Hilary Mantel | Criticism

This literature criticism consists of approximately 2 pages of analysis & critique of Hilary Mantel.
This section contains 469 words
(approx. 2 pages at 300 words per page)
Buy the Critical Review by Paul Baumann

SOURCE: “Critics’ Choices for Christmas,” in Commonweal, No. 4, December 5, 1997, pp. 25–7.

In the following excerpt, Baumann provides a laudatory assessment of Fludd and An Experiment in Love.

How many gimlet-eyed and razor-tongued English lady novelists can there be? Evidently an unlimited supply. I was vaguely aware of the name Hilary Mantel, but remained wholly innocent of her work until a friend urged her 1989 novel, Fludd (Penguin, 186 pp.), on me. It's a magically atmospheric book set in England's damp and gloomy north. Father Angwin, a sodden, grandiloquently grumpy parish priest who has misplaced his faith, takes center stage, at least initially. A wonderfully drawn little platoon of nuns, and the mysterious interventions of Fludd, Angwin's new curate (or at least everyone takes Fludd to be the new curate), keep the reader guessing—about everything.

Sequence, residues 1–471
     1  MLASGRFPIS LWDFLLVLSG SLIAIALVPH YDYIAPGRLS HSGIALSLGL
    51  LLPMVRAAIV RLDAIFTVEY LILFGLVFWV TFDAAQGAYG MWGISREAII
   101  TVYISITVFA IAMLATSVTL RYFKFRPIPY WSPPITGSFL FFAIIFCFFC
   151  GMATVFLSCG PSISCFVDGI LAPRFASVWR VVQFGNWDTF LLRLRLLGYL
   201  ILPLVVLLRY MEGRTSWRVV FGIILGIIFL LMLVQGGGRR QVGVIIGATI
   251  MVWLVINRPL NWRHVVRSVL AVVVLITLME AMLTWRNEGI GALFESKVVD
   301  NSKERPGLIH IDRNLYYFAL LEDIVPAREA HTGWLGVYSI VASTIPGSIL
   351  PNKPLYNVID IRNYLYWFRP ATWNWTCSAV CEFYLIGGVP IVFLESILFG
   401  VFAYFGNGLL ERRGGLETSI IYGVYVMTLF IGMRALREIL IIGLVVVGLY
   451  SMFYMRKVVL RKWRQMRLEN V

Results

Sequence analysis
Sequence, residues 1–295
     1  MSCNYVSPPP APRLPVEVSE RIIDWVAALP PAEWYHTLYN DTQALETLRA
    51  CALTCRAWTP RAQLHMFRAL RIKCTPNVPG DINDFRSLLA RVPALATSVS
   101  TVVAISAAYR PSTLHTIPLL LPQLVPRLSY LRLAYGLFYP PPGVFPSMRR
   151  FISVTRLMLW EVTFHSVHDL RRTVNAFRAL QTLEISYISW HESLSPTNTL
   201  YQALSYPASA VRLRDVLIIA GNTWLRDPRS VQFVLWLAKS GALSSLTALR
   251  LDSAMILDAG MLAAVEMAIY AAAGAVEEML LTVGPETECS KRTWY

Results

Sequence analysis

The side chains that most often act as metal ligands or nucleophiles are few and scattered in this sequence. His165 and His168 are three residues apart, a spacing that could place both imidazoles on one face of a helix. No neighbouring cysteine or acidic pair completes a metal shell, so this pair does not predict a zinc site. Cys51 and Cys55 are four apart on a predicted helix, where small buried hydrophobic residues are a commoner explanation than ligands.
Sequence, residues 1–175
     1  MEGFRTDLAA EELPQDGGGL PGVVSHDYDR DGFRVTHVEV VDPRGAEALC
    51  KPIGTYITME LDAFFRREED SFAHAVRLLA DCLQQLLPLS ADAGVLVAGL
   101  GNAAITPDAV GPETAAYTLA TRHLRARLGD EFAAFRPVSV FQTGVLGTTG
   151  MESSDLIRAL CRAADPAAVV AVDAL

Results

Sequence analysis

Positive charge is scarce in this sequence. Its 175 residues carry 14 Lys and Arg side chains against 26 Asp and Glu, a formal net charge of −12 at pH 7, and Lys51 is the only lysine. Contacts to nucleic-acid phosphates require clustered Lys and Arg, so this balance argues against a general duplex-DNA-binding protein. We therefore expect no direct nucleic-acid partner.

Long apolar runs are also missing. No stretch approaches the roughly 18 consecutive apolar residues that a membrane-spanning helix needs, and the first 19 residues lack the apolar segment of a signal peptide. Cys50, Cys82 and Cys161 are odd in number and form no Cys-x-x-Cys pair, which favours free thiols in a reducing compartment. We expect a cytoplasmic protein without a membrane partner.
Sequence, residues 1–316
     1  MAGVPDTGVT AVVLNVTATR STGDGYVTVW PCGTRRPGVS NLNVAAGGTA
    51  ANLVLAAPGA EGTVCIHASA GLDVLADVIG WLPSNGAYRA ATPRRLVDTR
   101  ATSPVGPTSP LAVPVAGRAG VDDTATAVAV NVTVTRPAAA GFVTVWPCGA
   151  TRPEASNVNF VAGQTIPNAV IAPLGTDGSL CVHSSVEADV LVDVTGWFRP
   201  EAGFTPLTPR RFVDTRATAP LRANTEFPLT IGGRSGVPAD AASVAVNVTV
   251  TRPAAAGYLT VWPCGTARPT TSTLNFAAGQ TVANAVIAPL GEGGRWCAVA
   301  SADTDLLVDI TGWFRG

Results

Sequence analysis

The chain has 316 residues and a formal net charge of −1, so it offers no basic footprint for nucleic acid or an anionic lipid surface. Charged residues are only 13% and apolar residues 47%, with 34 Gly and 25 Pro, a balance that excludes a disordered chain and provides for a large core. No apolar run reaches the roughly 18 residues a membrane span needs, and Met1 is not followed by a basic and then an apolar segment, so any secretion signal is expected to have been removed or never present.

“The church in this story bears some but not much resemblance to the Roman Catholic church...

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This section contains 469 words
(approx. 2 pages at 300 words per page)
Buy the Critical Review by Paul Baumann
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Critical Review by Paul Baumann from Gale. ©2005-2006 Thomson Gale, a part of the Thomson Corporation. All rights reserved.